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In interview to Music Radar, Marty Friedman talked about his relationship with the guitar and he gave some advices to people that are in the process of learning to play the instrument.
“Ditch the scales already. People tend to talk about music in relation to scales, but I don’t think that way at all.
“I think in terms of phrases and melodies, and the interesting little in-roads that go from one place to another over a chord or a series of chords.
“The liberating side of it is that I never had to memorize billions of different scales. The downside is that if someone asked me to play a particular scale, I couldn’t do it… but that never really comes up.
“The point is making something sound right to your own ears – that way it doesn’t have to be a memorized sequence of notes. I remember a long time ago, I regretted doing this instructional video because they asked me to explain scales and shit like that.
“I was a lot younger and just glad to be getting a paycheque, so I bullshitted my way talking through scales when I knew zero about it.
“You have to be able to hear a melody and dissect it at any time. For example, imagine being in a store and hearing this interesting melody – you need to immediately log that melody into your brain, as well as the chords underneath it. If you don’t forget it, you can start messing with it when you get home!
“I did that a lot as a young guitarist, especially on tour in different countries, learning new ways to sit melodies on top of chords. You really have to log that stuff in your mind and exploit what you’ve learned as soon as you can.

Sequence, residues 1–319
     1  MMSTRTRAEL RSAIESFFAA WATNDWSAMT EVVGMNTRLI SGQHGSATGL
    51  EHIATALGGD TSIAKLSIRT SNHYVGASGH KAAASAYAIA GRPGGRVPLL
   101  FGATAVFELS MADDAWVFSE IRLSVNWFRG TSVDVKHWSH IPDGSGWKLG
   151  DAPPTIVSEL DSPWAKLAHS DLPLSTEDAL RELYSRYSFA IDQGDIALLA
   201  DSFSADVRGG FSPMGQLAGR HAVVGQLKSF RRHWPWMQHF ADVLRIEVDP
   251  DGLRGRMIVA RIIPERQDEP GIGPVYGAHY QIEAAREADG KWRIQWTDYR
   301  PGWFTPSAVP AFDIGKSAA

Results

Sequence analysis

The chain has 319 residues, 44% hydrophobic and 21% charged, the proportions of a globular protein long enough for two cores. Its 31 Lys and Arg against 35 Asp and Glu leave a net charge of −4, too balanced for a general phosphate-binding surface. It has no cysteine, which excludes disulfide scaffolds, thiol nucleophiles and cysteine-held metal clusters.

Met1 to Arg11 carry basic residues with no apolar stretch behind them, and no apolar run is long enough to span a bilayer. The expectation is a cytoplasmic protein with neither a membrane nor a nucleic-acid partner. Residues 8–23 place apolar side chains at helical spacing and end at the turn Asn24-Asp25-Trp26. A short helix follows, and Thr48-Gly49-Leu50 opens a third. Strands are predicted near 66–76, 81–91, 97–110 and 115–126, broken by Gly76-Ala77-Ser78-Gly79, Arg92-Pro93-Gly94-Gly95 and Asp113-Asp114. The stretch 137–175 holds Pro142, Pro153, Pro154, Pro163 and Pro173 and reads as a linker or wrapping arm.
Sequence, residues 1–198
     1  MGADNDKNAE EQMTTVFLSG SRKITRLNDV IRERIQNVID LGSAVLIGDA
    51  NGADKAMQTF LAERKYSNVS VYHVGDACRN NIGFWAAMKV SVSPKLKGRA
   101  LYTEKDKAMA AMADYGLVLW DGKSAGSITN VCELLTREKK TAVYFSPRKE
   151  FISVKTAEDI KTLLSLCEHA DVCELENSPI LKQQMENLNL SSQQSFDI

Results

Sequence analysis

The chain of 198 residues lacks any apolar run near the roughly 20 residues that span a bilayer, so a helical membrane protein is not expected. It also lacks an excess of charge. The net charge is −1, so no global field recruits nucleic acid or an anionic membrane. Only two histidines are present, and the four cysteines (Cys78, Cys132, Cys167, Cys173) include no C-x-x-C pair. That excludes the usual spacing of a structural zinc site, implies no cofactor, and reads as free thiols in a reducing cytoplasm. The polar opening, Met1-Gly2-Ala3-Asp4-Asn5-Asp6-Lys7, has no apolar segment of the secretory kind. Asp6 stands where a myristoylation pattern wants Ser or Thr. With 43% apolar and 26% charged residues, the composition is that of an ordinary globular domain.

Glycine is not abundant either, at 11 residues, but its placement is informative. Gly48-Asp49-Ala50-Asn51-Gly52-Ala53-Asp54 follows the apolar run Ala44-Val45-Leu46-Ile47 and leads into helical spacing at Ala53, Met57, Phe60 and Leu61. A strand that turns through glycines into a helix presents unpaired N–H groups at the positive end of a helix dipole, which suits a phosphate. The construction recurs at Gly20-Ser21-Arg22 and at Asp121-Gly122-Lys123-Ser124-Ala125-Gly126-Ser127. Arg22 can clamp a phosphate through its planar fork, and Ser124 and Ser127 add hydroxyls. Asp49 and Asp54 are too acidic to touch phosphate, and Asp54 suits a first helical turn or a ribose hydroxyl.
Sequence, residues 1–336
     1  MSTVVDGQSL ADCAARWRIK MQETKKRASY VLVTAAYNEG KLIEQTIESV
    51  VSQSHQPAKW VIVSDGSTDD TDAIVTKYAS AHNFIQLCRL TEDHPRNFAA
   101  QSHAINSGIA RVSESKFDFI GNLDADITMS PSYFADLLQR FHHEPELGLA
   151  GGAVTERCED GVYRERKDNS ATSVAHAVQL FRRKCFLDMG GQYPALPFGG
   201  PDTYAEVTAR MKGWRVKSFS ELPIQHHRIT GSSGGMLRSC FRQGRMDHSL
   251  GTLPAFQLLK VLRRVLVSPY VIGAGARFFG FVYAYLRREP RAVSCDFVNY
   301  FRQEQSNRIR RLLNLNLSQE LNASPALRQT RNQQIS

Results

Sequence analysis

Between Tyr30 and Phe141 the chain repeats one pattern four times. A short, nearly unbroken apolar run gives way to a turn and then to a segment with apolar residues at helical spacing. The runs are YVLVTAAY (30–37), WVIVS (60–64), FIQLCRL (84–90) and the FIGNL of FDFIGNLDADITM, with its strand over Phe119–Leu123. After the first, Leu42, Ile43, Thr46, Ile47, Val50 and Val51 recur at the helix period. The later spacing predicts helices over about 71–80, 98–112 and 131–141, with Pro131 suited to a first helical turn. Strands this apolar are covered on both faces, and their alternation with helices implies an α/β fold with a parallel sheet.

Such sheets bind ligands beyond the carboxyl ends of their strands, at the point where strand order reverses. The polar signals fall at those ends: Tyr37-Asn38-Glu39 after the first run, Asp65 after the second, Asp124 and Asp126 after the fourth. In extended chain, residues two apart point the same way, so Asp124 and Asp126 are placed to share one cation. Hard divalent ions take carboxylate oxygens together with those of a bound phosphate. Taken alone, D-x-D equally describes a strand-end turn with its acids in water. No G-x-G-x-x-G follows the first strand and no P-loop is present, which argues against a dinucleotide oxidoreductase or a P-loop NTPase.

“After a while, you will start creating your own theories about what you like hearing over certain chords, rather than, ‘Here’s scale number 36, which goes nicely over the Phrygian minor of the D flat major seven!’
“That’s the recipe to sounding like everyone else. They all have the same theory books. If you only listen to what you like and analyze the shit out of it, you’ll start understanding it in your own language, in your own terms. My way of thinking is a bit weird!”
“People want warm-up exercises and shortcuts… there aren’t any! Take any sequence of notes: there’s your warm-up exercise.
“Okay, to be a bit more helpful, you could write out all the notes in the chromatic scale and then jumble them up in a random order. Then find a fingering that works and repeat it. Usually it will sound like complete shit, but there’s your exercise.
“People should stop wasting time on exercises; you might think early on they help with getting used to moving fingers, but to be honest, there’s not one that’s loads better. These are all mechanical things. If I want to warm up, I’ll play anything at all… it really does not matter.
“Don’t even spend a quarter of your time on this tips stuff. Get out there and play in bands to anyone you can. That’s how you find out how to play well. In your bedroom, you won’t have the right stimulus to play for real and avoid fuck-ups. Mechanical stuff is great if you’re Billy No Mates; otherwise, put pressure on yourself by getting out there!”
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